I just finished reading Randall Stross's The Launch Pad: Inside Y Combinator, a great accounting of the origins, growth and successes of the seed accelerator company that helps "budding digital engineers." This blog post is a little bit book review, but mostly highlighting the wisdom that Y Combinator seems to capture and employ in its work helping startups succeed.
I could not help but take in that wisdom and Stross's stories through the lens of my own experiences creating a tech company, and while I felt affirmed in having learned a lot of the things that Y Combinator tries to teach its program participants, I also had plenty of forehead slapping moments about things I wish I'd understood better. I think some of those tidbits are very relevant to what I'll do next, and present day efforts to invigorate the local tech economy here in Richmond, so I'm including some comments on them here too.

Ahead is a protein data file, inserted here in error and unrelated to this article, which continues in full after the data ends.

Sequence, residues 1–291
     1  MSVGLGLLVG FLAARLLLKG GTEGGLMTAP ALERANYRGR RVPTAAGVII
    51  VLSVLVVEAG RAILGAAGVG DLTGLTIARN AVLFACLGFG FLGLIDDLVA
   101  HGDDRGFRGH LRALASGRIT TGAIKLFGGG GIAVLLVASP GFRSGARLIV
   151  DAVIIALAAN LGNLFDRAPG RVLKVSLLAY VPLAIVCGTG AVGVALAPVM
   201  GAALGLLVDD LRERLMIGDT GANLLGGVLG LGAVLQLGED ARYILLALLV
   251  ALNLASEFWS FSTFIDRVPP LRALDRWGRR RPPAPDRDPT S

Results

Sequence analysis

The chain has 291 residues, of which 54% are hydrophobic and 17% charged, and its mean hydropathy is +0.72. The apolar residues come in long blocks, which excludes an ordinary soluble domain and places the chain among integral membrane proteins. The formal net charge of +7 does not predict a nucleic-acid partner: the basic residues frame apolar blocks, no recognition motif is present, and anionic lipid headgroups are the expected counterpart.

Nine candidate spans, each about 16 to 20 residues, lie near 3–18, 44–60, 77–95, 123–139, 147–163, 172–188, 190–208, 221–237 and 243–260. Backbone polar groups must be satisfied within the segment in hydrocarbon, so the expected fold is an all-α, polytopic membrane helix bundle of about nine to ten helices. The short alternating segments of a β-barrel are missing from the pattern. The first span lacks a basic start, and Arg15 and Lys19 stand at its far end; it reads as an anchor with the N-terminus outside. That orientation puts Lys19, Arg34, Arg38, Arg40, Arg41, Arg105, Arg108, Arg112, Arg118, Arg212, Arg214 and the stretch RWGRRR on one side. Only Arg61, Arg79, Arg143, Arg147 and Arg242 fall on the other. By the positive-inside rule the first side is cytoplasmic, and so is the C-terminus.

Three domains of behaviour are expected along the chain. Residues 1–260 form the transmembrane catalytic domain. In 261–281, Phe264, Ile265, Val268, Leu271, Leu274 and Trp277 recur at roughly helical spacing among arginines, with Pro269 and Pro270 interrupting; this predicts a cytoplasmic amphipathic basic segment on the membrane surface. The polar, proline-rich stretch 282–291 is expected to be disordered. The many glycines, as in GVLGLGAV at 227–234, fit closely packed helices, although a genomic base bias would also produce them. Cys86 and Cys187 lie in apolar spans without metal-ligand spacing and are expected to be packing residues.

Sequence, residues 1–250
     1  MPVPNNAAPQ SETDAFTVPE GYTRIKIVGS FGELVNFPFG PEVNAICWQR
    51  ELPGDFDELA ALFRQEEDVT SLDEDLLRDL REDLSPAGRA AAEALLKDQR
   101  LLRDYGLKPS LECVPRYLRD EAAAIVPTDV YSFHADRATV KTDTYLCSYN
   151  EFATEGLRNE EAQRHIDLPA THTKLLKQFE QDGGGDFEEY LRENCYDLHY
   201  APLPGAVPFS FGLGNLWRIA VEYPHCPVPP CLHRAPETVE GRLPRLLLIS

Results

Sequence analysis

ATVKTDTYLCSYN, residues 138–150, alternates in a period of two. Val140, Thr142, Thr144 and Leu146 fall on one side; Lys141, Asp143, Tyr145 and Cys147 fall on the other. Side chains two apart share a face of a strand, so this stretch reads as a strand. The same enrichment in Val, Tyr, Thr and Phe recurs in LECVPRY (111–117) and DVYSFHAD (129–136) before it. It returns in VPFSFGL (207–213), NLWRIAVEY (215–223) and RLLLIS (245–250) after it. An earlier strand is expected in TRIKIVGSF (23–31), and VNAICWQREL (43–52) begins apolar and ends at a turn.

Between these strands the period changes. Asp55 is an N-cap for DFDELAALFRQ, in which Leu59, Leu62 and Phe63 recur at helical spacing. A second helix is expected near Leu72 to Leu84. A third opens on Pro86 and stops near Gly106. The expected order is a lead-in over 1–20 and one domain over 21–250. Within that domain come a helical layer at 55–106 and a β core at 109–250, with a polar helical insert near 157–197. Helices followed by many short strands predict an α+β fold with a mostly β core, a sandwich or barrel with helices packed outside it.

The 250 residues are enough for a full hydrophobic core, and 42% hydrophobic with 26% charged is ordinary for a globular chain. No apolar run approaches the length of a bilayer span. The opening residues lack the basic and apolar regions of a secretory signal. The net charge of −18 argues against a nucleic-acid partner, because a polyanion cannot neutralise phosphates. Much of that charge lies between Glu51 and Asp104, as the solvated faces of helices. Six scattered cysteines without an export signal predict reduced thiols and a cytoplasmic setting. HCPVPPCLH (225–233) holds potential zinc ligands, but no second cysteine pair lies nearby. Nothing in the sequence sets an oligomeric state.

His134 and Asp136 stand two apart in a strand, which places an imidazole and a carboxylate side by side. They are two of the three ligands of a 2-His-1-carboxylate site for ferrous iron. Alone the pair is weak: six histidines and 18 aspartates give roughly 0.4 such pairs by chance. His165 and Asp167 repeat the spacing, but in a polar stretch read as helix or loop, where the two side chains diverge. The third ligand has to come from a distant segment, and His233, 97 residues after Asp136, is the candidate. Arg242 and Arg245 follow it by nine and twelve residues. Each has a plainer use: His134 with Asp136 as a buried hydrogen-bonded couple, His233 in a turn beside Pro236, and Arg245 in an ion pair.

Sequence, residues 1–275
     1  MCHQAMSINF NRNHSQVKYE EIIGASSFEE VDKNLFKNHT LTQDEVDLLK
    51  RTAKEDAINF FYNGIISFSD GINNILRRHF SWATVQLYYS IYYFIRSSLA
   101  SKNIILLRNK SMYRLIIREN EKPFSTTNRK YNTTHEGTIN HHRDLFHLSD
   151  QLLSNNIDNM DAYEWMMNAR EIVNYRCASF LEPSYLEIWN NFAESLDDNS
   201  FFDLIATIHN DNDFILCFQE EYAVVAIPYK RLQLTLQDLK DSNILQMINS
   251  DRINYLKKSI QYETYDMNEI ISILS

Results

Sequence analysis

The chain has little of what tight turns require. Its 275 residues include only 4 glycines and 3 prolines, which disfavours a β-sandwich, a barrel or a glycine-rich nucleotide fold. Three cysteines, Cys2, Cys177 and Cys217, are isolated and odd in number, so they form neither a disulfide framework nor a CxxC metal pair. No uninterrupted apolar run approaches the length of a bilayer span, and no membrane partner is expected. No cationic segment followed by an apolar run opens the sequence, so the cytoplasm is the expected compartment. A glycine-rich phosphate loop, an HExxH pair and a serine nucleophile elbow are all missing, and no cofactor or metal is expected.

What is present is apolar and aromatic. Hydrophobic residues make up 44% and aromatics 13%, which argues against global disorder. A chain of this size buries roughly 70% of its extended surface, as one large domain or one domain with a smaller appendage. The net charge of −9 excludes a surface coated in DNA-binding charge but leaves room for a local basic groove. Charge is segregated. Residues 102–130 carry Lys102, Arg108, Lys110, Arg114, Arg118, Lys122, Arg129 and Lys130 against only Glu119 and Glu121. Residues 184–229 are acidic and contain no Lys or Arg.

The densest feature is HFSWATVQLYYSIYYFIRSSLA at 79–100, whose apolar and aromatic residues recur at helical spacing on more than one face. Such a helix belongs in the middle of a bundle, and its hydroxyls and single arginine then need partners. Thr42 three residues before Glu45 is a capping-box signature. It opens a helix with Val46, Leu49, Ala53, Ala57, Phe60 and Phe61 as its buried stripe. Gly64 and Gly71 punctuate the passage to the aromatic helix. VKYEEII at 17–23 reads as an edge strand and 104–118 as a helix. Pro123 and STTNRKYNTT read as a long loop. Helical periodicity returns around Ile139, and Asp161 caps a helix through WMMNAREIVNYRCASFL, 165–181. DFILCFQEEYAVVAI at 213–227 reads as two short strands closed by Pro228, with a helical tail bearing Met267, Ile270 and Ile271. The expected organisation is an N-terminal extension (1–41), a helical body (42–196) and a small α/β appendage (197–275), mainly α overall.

If you don't already know about Y Combinator, I encourage you to check out their website, or watch this very recent interview with Paul Graham, who has headed the company's efforts most of this time. The bottom line is that they host a three-month program in Silicon Valley to help startup companies with the money, advice and industry connections they need to go from concept to initial implementation, ready for investors to take them to the next step. As Stross describes, they focus on admitting young groups of founders who are going to bring the hard work and innovation needed for success, even if their initial idea for a startup isn't sound. If you use Dropbox, you're benefitting from a startup incubated at Y Combinator.